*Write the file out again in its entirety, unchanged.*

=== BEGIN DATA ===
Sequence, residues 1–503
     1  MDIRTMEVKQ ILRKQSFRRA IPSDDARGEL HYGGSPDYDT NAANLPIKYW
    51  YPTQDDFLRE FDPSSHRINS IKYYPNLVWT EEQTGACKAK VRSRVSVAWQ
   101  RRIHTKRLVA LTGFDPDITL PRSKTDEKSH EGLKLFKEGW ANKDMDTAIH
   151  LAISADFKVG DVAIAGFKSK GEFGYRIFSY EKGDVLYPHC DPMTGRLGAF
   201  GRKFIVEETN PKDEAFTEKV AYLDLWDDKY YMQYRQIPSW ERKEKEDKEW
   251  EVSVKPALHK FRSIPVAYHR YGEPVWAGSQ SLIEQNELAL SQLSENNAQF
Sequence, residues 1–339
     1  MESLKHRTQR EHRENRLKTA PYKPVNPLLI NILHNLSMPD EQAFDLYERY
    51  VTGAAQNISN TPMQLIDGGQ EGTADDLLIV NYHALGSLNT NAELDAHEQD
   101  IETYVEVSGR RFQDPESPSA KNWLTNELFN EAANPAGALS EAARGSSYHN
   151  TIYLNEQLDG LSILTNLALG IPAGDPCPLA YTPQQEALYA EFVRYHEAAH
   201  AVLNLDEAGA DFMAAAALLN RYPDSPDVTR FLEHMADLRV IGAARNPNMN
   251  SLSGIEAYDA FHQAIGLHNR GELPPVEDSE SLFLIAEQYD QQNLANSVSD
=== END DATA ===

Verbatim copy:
Sequence, residues 1–503
     1  MDIRTMEVKQ ILRKQSFRRA IPSDDARGEL HYGGSPDYDT NAANLPIKYW
    51  YPTQDDFLRE FDPSSHRINS IKYYPNLVWT EEQTGACKAK VRSRVSVAWQ
   101  RRIHTKRLVA LTGFDPDITL PRSKTDEKSH EGLKLFKEGW ANKDMDTAIH
   151  LAISADFKVG DVAIAGFKSK GEFGYRIFSY EKGDVLYPHC DPMTGRLGAF
   201  GRKFIVEETN PKDEAFTEKV AYLDLWDDKY YMQYRQIPSW ERKEKEDKEW
   251  EVSVKPALHK FRSIPVAYHR YGEPVWAGSQ SLIEQNELAL SQLSENNAQF
Sequence, residues 1–339
     1  MESLKHRTQR EHRENRLKTA PYKPVNPLLI NILHNLSMPD EQAFDLYERY
    51  VTGAAQNISN TPMQLIDGGQ EGTADDLLIV NYHALGSLNT NAELDAHEQD
   101  IETYVEVSGR RFQDPESPSA KNWLTNELFN EAANPAGALS EAARGSSYHN
   151  TIYLNEQLDG LSILTNLALG IPAGDPCPLA YTPQQEALYA EFVRYHEAAH
   201  AVLNLDEAGA DFMAAAALLN RYPDSPDVTR FLEHMADLRV IGAARNPNMN
   251  SLSGIEAYDA FHQAIGLHNR GELPPVEDSE SLFLIAEQYD QQNLANSVSD